ATP functions as a carrier of energy in all living organisms from bacteria and fungi to plants and animals including humans. ATP captures the chemical energy released by the combustion of nutrients and transfers it to reactions that require energy, e.g. the building up of cell components, muscle contraction, transmission of nerve messages and many other functions. ATP has been termed the cell's energy currency.


Adenosine triphosphate (ATP) consists of the nucleoside adenosine linked to three phosphate groups. On removal of the outermost phosphate group, adenosine diphosphate (ADP) is formed while at the same time the energy released can be employed for other reactions. Conversely, with the help of energy, an inorganic phosphate group can be bound to ADP and form ATP. Considerable quantities of ATP are formed and consumed. At rest, an adult converts daily a quantity of ATP corresponding to about one half body-weight, and during hard work the quantity can rise to almost a ton. Most of the ATP synthesis is carried out by the enzyme ATP synthase. At rest Na + , K + -ATPase uses up a third of all ATP formed.


Source: http://nobelprize.org/nobel_prizes/chemistry/laureates/1997/press.html


Check out the video below about ATP synthase - incredible molecular machine!

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Student Outcome: C7.5

Explain why energy pathways involve many small regulated steps.


Metabolism is the set of chemical rections that occur in a cell, which enable it to keep living, growing and dividing. Metabolic processes are usually classified as:

  • catabolism - obtaining energy and reducing power from nutrients.
  • anabolism - production of new cell components, usually through processes that require energy and reducing power obtained from nutrient catabolism.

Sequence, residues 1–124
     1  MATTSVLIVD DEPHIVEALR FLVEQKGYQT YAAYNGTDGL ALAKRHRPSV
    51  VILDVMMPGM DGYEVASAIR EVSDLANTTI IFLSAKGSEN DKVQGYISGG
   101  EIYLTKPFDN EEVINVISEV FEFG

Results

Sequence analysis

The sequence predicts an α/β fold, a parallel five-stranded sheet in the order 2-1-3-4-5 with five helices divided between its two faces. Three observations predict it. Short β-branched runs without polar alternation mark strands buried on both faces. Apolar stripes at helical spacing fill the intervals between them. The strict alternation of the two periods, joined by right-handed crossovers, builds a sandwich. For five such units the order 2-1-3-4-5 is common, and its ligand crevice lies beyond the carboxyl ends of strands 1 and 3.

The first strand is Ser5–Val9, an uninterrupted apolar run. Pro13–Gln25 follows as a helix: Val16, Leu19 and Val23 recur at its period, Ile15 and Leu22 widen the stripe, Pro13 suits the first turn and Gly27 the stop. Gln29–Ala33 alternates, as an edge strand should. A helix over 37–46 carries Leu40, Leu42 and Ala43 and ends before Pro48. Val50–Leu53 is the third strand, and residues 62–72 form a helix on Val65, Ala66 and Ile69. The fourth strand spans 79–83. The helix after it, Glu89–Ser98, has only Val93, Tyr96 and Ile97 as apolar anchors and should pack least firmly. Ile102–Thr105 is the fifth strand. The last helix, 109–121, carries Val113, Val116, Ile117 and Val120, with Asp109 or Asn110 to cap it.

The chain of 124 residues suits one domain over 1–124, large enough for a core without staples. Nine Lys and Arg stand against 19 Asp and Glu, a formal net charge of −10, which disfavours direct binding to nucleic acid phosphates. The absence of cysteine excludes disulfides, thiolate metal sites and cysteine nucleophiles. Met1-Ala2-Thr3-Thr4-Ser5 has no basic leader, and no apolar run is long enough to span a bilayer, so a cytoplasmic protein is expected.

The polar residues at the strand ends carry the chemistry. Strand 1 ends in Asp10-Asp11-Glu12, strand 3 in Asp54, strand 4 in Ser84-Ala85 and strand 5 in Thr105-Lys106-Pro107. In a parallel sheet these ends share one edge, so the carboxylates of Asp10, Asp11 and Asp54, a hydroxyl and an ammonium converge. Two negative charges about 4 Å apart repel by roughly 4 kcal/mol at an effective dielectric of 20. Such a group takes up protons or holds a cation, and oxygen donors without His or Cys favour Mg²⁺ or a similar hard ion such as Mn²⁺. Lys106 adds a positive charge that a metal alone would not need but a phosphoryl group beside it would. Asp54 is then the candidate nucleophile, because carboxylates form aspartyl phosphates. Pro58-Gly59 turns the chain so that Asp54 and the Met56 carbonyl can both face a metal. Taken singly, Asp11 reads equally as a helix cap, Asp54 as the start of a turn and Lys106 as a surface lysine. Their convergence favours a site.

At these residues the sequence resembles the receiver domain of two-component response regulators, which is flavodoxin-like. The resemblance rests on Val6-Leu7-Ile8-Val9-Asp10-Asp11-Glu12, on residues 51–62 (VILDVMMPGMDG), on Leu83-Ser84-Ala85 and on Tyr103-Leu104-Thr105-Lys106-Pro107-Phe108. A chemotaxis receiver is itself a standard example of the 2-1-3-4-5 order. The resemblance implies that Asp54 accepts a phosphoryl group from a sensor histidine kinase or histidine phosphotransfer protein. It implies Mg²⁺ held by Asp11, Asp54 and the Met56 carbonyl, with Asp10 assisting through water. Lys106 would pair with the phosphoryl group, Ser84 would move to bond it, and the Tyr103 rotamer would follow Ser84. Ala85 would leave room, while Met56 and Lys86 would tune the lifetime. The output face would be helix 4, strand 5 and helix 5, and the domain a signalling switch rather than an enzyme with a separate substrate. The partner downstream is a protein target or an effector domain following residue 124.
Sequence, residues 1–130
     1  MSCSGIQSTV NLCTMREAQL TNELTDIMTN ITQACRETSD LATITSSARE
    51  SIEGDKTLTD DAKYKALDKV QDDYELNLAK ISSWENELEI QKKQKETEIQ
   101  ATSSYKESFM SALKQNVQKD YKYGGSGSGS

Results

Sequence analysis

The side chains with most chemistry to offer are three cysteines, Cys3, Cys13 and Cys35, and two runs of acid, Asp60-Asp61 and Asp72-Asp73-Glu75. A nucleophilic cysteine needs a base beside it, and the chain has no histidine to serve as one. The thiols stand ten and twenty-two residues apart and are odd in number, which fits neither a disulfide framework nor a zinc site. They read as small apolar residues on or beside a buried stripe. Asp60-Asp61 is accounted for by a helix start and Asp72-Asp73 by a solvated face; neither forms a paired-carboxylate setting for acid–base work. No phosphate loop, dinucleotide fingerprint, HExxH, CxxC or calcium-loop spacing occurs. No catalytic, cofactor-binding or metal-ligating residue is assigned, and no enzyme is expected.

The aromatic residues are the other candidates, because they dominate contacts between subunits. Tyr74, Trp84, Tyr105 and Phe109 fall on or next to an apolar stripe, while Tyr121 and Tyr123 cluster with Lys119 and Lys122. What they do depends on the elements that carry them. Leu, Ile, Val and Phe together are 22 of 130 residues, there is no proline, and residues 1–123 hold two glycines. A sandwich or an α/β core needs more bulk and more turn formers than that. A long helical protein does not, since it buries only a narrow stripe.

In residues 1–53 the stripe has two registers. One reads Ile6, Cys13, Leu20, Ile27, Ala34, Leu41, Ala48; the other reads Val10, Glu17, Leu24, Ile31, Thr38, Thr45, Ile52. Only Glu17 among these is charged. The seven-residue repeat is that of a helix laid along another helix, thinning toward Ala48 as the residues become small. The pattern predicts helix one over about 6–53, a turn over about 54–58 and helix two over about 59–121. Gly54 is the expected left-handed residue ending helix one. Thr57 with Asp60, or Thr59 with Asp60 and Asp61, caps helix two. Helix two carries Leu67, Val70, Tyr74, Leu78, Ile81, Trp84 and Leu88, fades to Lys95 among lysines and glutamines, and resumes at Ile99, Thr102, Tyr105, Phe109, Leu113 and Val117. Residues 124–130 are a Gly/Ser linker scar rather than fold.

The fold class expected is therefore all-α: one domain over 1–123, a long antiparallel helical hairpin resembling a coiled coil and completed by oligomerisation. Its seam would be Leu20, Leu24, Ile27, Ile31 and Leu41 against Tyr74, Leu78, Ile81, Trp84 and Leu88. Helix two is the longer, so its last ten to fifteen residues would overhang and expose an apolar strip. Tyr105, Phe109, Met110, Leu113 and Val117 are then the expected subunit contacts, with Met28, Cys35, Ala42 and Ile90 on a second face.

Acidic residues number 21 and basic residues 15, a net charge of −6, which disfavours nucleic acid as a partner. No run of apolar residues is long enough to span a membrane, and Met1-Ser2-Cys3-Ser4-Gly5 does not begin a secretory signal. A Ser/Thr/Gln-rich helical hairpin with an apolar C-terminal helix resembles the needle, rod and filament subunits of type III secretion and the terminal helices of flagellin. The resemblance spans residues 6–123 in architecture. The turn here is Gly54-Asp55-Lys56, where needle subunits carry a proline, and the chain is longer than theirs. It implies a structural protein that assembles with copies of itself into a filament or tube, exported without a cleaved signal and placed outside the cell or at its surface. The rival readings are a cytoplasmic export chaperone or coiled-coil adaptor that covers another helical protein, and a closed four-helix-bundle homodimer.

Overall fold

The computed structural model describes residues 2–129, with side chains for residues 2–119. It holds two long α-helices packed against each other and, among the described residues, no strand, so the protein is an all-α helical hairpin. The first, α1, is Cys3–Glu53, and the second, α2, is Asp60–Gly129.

There is a very large number of metabolic pathways. In humans, the most important metabolic pathways are:

  • glycolysis - glucose oxidation in order to obtain ATP
  • citric acid cycle (Krebs' cycle) - acetyl-CoA oxidation in order to obtain GTP and valuable intermediates. Go here to see more detail about the Krebs Cycle. (Note it is Wikipedia but it won't bite. Brilliant diagram though).
  • oxidative phosphorylation - disposal of the electrons released by glycolysis and citric acid cycle. Much of the energy released in this process can be stored as ATP.
  • pentose phosphate pathway - synthesis of pentoses and release of the reducing power needed for anabolic reactions.
  • urea cycle - disposal of NH4+ in less toxic forms
  • fatty acid b-oxidation - fatty acids breakdown into acetyl-CoA, to be used by the Krebs' cycle.
  • gluconeogenesis - glucose synthesis from smaller percursors, to be used by the brain.


Student Outcome: C7.6

Describe how a metabolic pathway is controlled by a specific enzyme at each step.

Here is an example of how enzymes control the pathways in the liver

Student Outcome: C7.7

Understand that each step produces intermediate compounds and loses some energy as heat.


  • The process of respiration occurs in a number of steps and an enzyme controls each step. This is referred to as a metabolic pathway.
  • A specific enzyme controls each step.
  • Metabolic pathways occur in small steps because:
    • large steps produce unfavourable conditions such as high temps, pH
    • small steps release small quantities of energy for ATP
    • each step is catalysed by an enzyme
    • energy pathway can be controlled and directed easily
    • small steps provide intermediate compounds (pyruvic acid) that can be used as starting points for other reactions.
  • during each reaction some energy is lost as heat (important in warm blooded animals).


Source: Notes from Cells Theme notes.